In a location where it is impossible to eliminate dams, control the level of water by constructing and installing a temporary structure using water level control pipes.

For a small to medium sized culvert in locations where dams are totally dismantled, install culvert protectors which can be easily removed if the beaver rebuilds his dam.

In situations where a culvert must remain open to prevent road washouts during flood conditions, but a beaver pond is acceptable, a culvert guard can be constructed.

The excavation of sediment from the former pond site should be conducted in a manner to ensure that suspended sediment and organic matter do not re-enter the watercourse.

If possible, defer the removal of the nuisance beaver(s) until a beaver trapping season is in effect.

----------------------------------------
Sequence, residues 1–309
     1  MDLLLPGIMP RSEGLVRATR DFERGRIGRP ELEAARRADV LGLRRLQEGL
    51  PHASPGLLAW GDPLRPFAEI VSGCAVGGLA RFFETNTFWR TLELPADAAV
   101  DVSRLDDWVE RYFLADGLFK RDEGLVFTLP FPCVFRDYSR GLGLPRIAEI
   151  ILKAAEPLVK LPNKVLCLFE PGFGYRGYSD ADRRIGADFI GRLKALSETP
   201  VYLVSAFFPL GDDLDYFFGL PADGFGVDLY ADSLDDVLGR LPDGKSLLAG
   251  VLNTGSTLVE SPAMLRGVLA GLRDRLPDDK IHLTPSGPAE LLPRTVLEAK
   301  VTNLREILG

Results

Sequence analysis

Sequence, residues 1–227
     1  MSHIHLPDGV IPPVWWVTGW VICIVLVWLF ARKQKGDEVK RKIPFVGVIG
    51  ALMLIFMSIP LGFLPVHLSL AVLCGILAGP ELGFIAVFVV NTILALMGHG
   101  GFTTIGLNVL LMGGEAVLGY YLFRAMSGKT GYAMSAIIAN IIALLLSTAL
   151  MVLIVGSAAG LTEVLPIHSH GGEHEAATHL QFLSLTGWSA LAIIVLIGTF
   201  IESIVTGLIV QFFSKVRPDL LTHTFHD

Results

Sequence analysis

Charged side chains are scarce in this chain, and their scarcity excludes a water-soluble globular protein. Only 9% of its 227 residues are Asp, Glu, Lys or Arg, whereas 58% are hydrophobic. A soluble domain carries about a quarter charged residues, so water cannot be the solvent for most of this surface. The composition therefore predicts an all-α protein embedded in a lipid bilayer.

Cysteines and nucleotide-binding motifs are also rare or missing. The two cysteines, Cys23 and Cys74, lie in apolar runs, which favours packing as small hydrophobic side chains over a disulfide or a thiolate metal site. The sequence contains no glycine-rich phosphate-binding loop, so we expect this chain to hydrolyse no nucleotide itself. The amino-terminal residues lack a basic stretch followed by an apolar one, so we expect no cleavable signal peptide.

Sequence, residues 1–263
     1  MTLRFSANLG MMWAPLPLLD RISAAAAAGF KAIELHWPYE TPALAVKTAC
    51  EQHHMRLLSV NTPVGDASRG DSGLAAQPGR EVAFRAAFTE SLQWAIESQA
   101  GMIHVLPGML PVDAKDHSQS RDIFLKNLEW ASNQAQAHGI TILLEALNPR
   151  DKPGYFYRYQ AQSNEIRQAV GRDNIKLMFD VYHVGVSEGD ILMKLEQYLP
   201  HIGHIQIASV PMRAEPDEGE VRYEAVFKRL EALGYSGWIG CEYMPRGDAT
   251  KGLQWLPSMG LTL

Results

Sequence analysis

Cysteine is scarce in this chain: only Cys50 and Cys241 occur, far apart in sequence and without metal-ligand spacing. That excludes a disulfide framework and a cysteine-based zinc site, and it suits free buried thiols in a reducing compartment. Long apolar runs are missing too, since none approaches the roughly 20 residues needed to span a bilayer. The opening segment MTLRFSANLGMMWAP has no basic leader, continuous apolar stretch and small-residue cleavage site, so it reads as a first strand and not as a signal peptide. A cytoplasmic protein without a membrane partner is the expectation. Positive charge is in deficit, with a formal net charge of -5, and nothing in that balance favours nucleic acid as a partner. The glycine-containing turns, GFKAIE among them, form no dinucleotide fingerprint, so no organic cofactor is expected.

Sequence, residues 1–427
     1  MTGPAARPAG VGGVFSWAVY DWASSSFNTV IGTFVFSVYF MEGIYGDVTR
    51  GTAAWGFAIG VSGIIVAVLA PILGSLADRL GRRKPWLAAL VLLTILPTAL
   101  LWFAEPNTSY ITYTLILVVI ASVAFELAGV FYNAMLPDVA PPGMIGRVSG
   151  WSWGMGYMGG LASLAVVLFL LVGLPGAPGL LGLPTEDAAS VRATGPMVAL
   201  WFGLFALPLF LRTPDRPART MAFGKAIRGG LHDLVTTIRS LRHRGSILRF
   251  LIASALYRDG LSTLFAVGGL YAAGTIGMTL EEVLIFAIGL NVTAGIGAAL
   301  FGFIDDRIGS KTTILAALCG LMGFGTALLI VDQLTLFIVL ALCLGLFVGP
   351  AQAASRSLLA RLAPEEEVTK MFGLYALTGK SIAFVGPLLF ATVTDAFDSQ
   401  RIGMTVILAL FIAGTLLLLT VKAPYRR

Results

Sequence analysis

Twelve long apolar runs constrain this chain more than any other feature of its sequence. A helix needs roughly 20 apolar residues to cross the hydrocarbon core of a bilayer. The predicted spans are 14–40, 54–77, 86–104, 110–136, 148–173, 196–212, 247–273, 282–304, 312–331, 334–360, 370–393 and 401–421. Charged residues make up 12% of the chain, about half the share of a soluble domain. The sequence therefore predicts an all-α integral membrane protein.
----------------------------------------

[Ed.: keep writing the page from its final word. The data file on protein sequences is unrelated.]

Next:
4.4.4 Stewardship Considerations to Avoid Watercourse Contamination
< back to top >

Prevent vehicle fuels and fluids from contaminating the watercourse.Best Practice

Refuel machinery at locations well removed from the watercourse (recommended minimum 100 m or 300 ft. separation)Best Practice

Wash and service vehicles and machinery at locations well removed from the watercourse.

Use bio-friendly hydraulic fluids in equipment operating in or adjacent to watercourse.

Store fuel, lubricants, hydraulic fluid and other potentially toxic materials at locations well removed from the watercourse.Best Practice

Isolate storage areas so that spilled fluids cannot enter the watercourse.Best Practice

Prepare a spill contingency plan.Best Practice

Ensure operators have spill clean-up supplies on site and are knowledgeable in their proper use and deployment.Best Practice